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The 4 Pillars of College Application Season

College admissions are undoubtedly stressful for us all. Whether you’re a freshman with college as a thought in the back of your mind or you’re a junior/senior currently working on your essays, college is something that will haunt many of us until we finish applying and receive our acceptances. It’s clear college admissions are an extremely important time in our lives and so in this article, you will learn about the 4 main pillars - GPA, test scores, extracurriculars, and essays - for getting into the college of your choice, and how you can use those pillars to increase your chances of acceptance to your dream school.

Firstly, let’s discuss GPAs. GPAs are one of the most important (if not most important) factors in getting into your dream college. Your grade point average shows the rigor of your high school classes as well as how well you performed in them. For those who may not know, GPA’s are calculated as such: your grade point average (GPA) is the sum of all your course grades throughout your high school career divided by the total number of credits. Most high schools (and colleges) report grades on a 4.0 scale, awarding a 4.0 for an A grade, 3.0 for a B grade, and so on. For example, if you were to get an A in 5 of your classes and a B in 2 of them in a certain school year, your GPA for that year might be (4.0 + 4.0 + 4.0 + 4.0 + 4.0 + 3.0 + 3.0) / 7 = 3.71. But, this is all relative as most schools have what are known as weighted classes (usually AP’s or honors), which are worth more GPA wise and will boost your grade point average more than regular classes. GPAs for weighted classes might look like this: awarding 5.0 for A, 4.0 for B, and so on. So, the key to getting the highest GPA is taking all weighted classes and getting A’s in all of those classes, right? No, not necessarily. The classes we choose are extremely important and have a huge impact on our ability to get into our dream schools, so it is for us to select courses that challenge us and show to colleges that we are up for the task of working and studying hard. But, it is not smart to become blindsided by this and sign up for 6 AP classes when you know you will not be able to handle them. In fact, you’ll be stressed out, your grades will suffer as a result, and you will not have enough time to dedicate towards extracurricular activities and relaxation. So, the key to getting a good GPA is doing what is right for you! Don’t take certain classes just to pad your transcript or because your friends are taking them, but take a mix of challenging (weighted or AP) classes - to challenge yourself and boost your grade point average - and normal classes - to promote learning and have a solid transcript once you graduate. This will show colleges that you are open to new challenges, but will also keep you from being constantly stressed and burnt out.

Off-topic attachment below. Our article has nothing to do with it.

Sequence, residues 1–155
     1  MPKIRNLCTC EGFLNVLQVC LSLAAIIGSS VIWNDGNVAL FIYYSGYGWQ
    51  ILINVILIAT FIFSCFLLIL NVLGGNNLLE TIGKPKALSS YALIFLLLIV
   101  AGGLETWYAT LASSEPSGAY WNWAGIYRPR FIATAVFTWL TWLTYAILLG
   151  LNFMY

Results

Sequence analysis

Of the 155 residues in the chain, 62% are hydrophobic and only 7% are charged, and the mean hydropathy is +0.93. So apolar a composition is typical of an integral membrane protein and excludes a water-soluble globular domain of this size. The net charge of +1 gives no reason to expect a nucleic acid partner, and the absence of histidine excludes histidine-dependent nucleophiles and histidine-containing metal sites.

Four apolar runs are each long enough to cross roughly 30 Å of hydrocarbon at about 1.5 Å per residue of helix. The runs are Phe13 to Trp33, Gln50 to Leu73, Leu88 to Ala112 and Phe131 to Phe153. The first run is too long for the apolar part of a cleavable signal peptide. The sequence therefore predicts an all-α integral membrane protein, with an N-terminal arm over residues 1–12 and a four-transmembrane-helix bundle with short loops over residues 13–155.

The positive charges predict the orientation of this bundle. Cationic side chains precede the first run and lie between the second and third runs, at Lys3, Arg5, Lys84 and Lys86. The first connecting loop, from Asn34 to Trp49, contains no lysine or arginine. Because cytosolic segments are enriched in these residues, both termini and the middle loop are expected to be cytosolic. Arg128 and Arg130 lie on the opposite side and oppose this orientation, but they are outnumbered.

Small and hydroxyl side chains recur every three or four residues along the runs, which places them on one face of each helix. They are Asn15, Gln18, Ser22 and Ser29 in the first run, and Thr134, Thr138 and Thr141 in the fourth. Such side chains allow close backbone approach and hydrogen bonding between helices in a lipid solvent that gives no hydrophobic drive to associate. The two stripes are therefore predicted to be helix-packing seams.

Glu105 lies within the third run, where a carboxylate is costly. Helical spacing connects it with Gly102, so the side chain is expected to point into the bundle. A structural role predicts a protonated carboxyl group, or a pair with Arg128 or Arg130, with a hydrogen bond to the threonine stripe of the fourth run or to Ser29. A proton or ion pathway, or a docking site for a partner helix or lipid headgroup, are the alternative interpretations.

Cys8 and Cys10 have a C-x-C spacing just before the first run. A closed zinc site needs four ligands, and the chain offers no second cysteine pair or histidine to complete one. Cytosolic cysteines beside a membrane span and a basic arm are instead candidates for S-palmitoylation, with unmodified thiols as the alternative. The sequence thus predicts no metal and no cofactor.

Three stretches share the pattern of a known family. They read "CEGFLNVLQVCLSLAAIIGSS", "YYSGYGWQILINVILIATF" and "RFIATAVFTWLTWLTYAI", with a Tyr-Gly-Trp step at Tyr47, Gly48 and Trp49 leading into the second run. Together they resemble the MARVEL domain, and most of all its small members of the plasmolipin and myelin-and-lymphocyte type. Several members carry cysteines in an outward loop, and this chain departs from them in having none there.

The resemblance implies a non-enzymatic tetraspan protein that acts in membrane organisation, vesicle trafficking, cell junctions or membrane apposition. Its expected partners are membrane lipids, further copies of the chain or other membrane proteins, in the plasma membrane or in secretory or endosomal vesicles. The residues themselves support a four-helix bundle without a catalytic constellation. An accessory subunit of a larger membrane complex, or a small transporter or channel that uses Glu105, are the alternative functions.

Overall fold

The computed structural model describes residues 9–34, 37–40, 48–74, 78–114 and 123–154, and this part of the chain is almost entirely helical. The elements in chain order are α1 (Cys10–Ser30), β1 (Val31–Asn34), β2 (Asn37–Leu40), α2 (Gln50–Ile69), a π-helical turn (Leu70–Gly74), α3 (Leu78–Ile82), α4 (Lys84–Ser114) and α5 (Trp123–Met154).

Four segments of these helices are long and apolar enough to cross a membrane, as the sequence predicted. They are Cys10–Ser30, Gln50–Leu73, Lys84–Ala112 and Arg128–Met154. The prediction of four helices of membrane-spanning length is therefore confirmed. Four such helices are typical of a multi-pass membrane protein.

Now let’s discuss test scores, specifically standardized testing such as the ACT and SAT. With the COVID-19 pandemic, many colleges in the US opted to go test-optional or even test blind, sparking the debate as to whether this should be a permanent feature or not. Though debates have raged on, this is not a topic that will be resolved in the near future. So, it will still be important for those who may be applying for college in the next few years to study for and do well on standardized tests to boost their chances for getting into their dream school. So how can they prepare? Practice. The ACT, SAT, and tests like them all follow a pattern. Year after year. Test date after test date. Knowing the in and outs of the test will do miracles in helping you succeed. So here’s what you can do. First, take a practice test to see where you stand at the moment. After that, if you’re preparing during the school year, dedicate 1 hour each day towards test prep. Monday through Friday, work through as many practice problems as you can in that 1 hour and on Saturday, take a practice. Repeat this process as long as you’d like and when you reach a level where you’re confident in every section of the test, you can skip the practice problems and focus solely on taking practice tests every couple of days. The process is similar if you’re preparing during the summer, but you can ramp up your practice to accommodate for the extra time you may have. Make sure to go over your mistakes - every single mistake - on your practice tests. Otherwise, there is quite simply no point in spending so much time on practice tests if you decide not to look at what you did wrong and work on those mistakes. Overall, there are two main keys to being successful in standardized testing: practice and correcting mistakes. Practice over and over again, and look over every single mistake while learning what you did wrong and what you can do right next time.